Time-Travel Fiction

  Storypilot’s Big List of Adventures in Time Travel


Journey to the Center of Time
by David L. Hewitt (Hewitt, director)
First release: a forgetable day in 1967

Hewitt was able to take the same plot from his 1964 The Time Travelers, change the blonde to a brunette, and make an even worst movie, which Tim and I really did try to watch on dvd. [Mar 2013]

 Dr. Gordon: And since space-time is a continuum, the present is only a point moving along that continuum.
Mr. Stanton: When you put it like that, doctor, even I can understand it. 


The Time Hoppers
by Robert Silverberg
First publication: 1967
The High Government of the 25th century has directed Joe Quellen (a Level Seven) to find out who’s behind the escapes in time by lowly unemployed Level Fourteens, Fifteens,...—and put a stop to it. [Jun 2012]

 Suppose, he thought fretfully, some bureaucrat in Class Seven or Nine or thereabouts had gone ahead on his own authority, trying to win a quick uptwitch by dynamic action, and had rounded up a few known hoppers in advance of their departure. Thereby completely snarling the fabric of the time-line and irrevocably altering the past. 


Star Trek, the Blish Adaptations
adapted by James Blish
First publication: 1967

I bought the first four of these collections in July of 1971 in Huntsville, and the rest I snapped up as they were issued in the ’70s (plus Blish’s original novel Spock Must Die!). At that point in my life, I could recite them by heart. Here’s the list of time-travel adaptations, which does not include “The Naked Time” since the 71 hours of time travel was omitted in the Blish version: [Jul 1971]
 TitlePublication 
Tomorrow Is Yesterdayin Star Trek 2 (1968)
The City on the Edge of Forever   in Star Trek 2 (1968)
Assignment: Earthin Star Trek 3 (1969)
All Our Yesterdaysin Star Trek 4 (1971)

 “Jim,” McCoy said raggedly. “You deliberately stopped me ... Did you hear me? Do you know what you just did?”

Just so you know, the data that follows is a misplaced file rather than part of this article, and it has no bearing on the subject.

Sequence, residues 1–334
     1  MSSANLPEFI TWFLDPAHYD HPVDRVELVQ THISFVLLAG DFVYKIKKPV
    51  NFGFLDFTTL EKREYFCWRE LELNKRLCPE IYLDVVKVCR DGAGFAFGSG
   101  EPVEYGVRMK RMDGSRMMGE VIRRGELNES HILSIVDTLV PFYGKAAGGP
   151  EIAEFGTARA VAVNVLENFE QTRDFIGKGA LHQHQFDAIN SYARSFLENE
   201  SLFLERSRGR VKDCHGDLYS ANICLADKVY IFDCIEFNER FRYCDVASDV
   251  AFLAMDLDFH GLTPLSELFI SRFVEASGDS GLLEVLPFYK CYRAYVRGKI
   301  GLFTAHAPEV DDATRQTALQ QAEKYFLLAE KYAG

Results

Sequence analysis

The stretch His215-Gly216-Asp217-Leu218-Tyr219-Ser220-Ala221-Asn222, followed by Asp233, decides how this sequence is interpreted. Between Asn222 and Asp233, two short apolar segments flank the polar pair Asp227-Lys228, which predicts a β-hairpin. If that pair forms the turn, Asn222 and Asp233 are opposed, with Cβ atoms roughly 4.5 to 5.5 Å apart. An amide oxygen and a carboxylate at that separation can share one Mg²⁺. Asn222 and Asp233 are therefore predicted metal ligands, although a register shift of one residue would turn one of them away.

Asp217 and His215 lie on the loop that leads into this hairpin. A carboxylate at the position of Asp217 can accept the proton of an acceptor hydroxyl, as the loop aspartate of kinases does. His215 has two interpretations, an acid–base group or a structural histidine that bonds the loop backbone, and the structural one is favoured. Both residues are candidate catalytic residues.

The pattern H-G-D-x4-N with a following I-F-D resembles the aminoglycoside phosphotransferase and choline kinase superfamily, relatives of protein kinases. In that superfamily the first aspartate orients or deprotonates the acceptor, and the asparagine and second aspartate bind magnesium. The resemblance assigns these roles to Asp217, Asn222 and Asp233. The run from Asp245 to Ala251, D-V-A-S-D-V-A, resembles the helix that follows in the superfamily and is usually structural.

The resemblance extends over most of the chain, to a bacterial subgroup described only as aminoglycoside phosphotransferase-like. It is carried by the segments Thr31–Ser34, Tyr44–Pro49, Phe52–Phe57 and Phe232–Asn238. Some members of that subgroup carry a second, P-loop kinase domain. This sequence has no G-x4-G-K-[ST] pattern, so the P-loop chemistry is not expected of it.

Kirk could not reply. Spock took his arm gently. “He knows,” he said. “Soon you will know, too. And what was ... now is again.”
 
—The City on the Edge of Forever


“Thus We Frustrate Charlemagne”
by R.A. Lafferty
First publication: Galaxy Science Fiction, Feb 1967
The Ktistec machine Epiktistes and wise men of the world decide to change one moment in the dark ages while they carefully watch for changes in their own time. [Jul 2011]

 We set out basic texts, and we take careful note of the world as it is. If the world changes, then the texts should change here before our eyes. 


“The Doctor”
by Theodore L. Thomas (as by Ted Thomas)
First publication: Orbit 2, Jun 1967
A doctor named Gant volunteers to be the first time traveler and ends up stranded in a time of cave people. [Jan 2014]

 There had been a time long ago when he had thought that these people would be grateful to him for his work, that he would become known by some such name as The Healer. 


“Hawksbill Station”
by Robert Silverberg
First publication: Galaxy Science Fiction, Aug 1967
Jim Barrett was one of the first political prisoners sent on a one-way journey to a world of rock and ocean in 2,000,000,000 BC; now a secretive new arrival threatens to upset the harsh world that he looks after. [Nov 2010]

 One of his biggest problems here was keeping people from cracking up because there was too little privacy. Propinquity could be intolerable in a place like this. 


Lost in Space
created by Irwin Allen
First time travel: 13 Sep 1967


Three seasons with 2 time-travel episodes. [Sep 1967]
 EpisodeNotes 
Visit to a Hostile Planet (13 Sep 1967)  To 1947